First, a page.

“Now that our girls are older (Ayah, 9, and Sofia, 7), I feel like I can teach them these are the best days of the year for doing good deeds and remembering Allah. Let’s be nice to each other and do good things.”

Azam asked her daughters to write down a good deed they did at the end of each day. “Feeding some animals” and “Being nice to our little brother,” they wrote.

Ayah is fasting with her mother and father. “I’m so proud of her because she really wants to fast,” Azam said. “Yesterday we talked about how your sins will be forgiven for two years – the year before and the year that is coming.

“My girls are really into art and they love to decorate. They are getting into drawing and painting. I hang their art around the house, so we use them for decorating and getting into that spirit. We have something tangible to remind us.”

They usually went to the Islamic Resource Center and participate in Eid activities with their friends. This year, “we are trying to do more things at home. It is different and harder,” Azam said.

The Azam children meet friends for play dates on Zoom and talk about what they will wear on the Eid. Instead of going shopping this year, the family ordered new clothes online.

They plan to go to the drive-thru Eid at the Islamic Center of Milwaukee on Saturday, but otherwise, it will be a low-key celebration. Azam finds some ideas of ways to share their faith with their children at home through the Family and Youth Institute website. Still the family aims to capture the spirit of the holiday, she said.

Building family traditions

Three days before the Eid al-Adha, Nawal Ilili of Brookfield and her youngest son Zayd, 10, were baking Eid cookies. The day before the Eid, the whole family was fasting, including their sons Adam, 17, Bilal, 14, and Zayd. The morning of the Eid, the family will go to the outdoor prayer at Masjid Al-Noor in Brookfield.

“We try to think about how to make them feel it is the Eid,” said Nawal Ilili. “I will make a special breakfast.”

Hassan Ilili will go to sacrifice a sheep at a farm, while the rest of the family awaits his return. The meat from the sheep is distributed as an act of charity.

“We usually get together with friends after we eat or go to the lakefront and rent bikes. This year, I don’t know exactly what we will do. This year will be different. We will see friends at the prayer but from far away. Then we will go home and celebrate with our kids,” Ilili said.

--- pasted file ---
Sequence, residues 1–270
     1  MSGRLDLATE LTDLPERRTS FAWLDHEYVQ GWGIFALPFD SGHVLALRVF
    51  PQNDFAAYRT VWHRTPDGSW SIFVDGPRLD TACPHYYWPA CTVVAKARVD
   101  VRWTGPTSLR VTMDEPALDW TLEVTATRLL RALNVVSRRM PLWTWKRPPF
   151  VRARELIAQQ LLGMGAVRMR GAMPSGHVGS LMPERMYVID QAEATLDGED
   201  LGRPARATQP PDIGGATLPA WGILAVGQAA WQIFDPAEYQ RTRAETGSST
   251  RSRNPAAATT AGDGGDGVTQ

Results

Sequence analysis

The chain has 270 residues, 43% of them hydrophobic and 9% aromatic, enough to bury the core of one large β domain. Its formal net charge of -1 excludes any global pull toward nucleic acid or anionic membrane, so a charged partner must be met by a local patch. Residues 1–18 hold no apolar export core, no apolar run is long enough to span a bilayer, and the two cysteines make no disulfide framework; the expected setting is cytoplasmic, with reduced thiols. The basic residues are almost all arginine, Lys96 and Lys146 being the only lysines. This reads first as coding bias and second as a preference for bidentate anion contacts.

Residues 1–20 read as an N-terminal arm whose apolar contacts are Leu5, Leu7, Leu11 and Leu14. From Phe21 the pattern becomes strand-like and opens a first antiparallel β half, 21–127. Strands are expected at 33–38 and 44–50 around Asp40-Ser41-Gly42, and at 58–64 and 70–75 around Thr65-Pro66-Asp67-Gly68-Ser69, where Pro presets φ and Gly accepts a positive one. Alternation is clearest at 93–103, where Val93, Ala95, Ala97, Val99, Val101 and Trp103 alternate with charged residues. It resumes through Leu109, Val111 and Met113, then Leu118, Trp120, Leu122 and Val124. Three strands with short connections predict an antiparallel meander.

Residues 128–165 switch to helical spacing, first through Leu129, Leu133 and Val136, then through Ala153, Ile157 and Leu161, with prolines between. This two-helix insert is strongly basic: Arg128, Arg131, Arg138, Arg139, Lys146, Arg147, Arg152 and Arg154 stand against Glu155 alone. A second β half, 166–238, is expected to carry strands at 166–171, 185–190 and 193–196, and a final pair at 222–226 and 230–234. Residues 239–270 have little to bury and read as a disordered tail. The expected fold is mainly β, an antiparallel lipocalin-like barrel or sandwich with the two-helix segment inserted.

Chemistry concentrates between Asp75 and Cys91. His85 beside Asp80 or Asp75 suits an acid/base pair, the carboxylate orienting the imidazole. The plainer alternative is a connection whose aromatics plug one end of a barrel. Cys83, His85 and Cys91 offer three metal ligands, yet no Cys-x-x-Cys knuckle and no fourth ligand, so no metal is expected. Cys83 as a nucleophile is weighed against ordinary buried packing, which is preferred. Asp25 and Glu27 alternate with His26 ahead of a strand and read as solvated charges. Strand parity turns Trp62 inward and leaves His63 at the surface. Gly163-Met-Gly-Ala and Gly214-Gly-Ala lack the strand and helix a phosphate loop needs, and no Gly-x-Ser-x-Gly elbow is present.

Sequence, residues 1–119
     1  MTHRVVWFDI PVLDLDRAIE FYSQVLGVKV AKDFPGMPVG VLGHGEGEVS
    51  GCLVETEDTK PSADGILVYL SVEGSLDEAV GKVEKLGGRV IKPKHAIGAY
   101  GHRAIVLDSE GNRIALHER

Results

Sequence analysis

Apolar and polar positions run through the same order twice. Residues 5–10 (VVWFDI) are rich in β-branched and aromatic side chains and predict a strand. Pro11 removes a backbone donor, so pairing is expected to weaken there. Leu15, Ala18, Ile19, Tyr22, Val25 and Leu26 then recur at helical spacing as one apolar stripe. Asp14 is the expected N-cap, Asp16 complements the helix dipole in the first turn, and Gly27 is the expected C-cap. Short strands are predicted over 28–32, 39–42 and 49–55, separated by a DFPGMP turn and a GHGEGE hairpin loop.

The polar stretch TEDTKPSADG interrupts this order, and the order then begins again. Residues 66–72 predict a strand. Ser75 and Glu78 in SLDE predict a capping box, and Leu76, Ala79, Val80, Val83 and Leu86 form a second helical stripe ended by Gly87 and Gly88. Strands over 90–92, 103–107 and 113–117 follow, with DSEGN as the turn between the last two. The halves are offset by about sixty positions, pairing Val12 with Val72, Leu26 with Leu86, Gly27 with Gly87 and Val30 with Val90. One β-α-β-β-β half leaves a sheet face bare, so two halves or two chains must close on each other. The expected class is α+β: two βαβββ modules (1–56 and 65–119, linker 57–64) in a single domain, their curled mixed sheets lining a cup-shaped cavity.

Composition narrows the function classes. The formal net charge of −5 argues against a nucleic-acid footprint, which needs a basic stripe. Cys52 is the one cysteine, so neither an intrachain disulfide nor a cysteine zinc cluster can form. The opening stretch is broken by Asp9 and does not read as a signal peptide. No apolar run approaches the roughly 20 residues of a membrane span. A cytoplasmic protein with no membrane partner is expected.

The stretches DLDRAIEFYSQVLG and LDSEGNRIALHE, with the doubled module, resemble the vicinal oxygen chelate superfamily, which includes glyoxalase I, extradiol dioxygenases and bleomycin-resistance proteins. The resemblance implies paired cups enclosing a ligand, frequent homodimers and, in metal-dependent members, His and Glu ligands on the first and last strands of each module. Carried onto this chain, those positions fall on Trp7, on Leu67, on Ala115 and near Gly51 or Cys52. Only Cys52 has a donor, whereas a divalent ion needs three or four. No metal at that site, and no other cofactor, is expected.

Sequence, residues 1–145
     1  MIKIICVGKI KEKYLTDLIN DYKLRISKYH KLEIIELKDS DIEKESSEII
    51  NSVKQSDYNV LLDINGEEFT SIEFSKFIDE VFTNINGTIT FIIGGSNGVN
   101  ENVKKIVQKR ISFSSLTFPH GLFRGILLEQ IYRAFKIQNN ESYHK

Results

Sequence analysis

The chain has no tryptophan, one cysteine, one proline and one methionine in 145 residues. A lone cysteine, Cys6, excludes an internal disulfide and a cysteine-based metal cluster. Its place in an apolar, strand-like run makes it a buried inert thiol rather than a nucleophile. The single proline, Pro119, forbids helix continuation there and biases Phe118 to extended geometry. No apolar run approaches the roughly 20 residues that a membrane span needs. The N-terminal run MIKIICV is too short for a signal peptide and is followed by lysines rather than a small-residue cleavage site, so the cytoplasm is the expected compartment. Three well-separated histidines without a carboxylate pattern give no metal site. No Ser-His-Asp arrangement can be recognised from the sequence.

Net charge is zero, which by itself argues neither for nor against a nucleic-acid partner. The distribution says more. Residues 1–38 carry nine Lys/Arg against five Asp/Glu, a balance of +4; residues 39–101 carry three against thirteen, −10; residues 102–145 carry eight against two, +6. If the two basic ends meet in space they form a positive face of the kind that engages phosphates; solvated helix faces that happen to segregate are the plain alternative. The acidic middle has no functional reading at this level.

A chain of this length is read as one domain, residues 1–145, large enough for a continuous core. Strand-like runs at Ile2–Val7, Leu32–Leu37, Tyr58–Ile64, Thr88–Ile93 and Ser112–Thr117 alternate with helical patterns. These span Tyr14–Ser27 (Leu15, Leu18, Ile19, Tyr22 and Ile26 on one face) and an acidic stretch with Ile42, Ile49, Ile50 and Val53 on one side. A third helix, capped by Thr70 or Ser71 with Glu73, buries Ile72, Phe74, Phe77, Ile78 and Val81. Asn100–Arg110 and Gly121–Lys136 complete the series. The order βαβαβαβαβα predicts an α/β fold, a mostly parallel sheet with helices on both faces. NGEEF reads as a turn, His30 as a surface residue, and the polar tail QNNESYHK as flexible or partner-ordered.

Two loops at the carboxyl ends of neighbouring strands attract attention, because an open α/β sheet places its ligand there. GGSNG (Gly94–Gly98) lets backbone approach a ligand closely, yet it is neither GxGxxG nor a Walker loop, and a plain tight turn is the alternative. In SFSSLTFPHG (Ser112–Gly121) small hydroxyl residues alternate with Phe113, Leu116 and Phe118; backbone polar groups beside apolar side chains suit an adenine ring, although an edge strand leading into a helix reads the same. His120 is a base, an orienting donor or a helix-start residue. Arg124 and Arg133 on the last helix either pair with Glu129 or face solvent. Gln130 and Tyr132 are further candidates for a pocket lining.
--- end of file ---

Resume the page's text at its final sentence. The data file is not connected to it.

Still, they make a point to have a festive atmosphere, with the house decorated with posters and candles. They will wear new clothes and eat delicious food, made especially for the holiday.

Eid decorations at the Ilili’s home in Brookfield

Learning traditions together

As a convert to Islam, Marina Zouaghi of Milwaukee knows how important traditions are for grounding one in her faith. “I didn’t grow up with it, so I know it is important for our kids to learn about our Islamic holiday and culture,” she said.

Zouaghi’s husband Messaoud is from Algeria. They have a 4-year-old son, Amine, and a one-and-a-half year old daughter, Amel.

One of her favorite methods to help her children learn is through reading. She frequently checks books out from the Islamic Resource Center on Milwaukee’s South Side, buys books and joins a group of friends on Zoom for a story time with their children. They recently read The Green Dinosaur Umbrella, which is a Hajj story.

Their house is decorated in gold and black to remember the Kaaba. In between her own graduate studies, Zouaghi is working on a master’s degree in education, she creates holiday craft projects for her son. For this Eid, they will make a lamb.

On the Eid, her mother and two sisters, who are also converts will come over in the early morning and they will have a discussion on a religious topic. “We do this on Fridays and since the Eid falls on a Friday, we will continue,” she said.

Then we plan to do a family barbeque and have a video call with her husband’s family in Algeria. “We will help our son talk with his other grandparents in Arabic.” Building family ties and traditions are an important part of the Eid holiday, she said.

Marina Zaouaghi and family: Marina, Messaoud and children Amine and Amel

Enjoying the outdoors

Every Eid al-Adha, Tahjood Mohieldin and her husband of Milwaukee plan an outing for their children, Leeann, 11, and Abdu, 10. They often plan something outdoors, but during the pandemic, a family camping trip seemed safest. They are headed to a site in Kettle Moraine.

“We can still be with extended family but be socially distanced,” Mohieldin said.

They will also enjoy eating lamb. “It’s pretty much the only time of year we eat lamb, so that makes it pretty special,” she said.

Last year, they had a backyard barbeque that attracted lots of neighborhood children who came to play. Tahjood ended up giving many of them candy and henna tattoos, after getting permission from their parents.

Tahjood with husband, Aaron and children, Leean and Abdu.